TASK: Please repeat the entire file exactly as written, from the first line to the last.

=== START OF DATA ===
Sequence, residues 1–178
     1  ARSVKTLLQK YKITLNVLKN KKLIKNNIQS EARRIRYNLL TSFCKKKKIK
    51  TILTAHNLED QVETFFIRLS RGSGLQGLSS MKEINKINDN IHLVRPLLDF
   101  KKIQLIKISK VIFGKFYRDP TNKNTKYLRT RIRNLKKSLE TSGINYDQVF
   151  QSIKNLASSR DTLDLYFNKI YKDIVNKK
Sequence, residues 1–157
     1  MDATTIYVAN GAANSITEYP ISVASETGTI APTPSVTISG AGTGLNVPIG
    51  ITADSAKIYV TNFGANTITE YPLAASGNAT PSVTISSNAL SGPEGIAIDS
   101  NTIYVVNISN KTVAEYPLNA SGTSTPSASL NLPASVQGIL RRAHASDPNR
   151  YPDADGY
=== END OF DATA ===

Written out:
Sequence, residues 1–178
     1  ARSVKTLLQK YKITLNVLKN KKLIKNNIQS EARRIRYNLL TSFCKKKKIK
    51  TILTAHNLED QVETFFIRLS RGSGLQGLSS MKEINKINDN IHLVRPLLDF
   101  KKIQLIKISK VIFGKFYRDP TNKNTKYLRT RIRNLKKSLE TSGINYDQVF
   151  QSIKNLASSR DTLDLYFNKI YKDIVNKK
Sequence, residues 1–157
     1  MDATTIYVAN GAANSITEYP ISVASETGTI APTPSVTISG AGTGLNVPIG
    51  ITADSAKIYV TNFGANTITE YPLAASGNAT PSVTISSNAL SGPEGIAIDS
   101  NTIYVVNISN KTVAEYPLNA SGTSTPSASL NLPASVQGIL RRAHASDPNR
   151  YPDADGY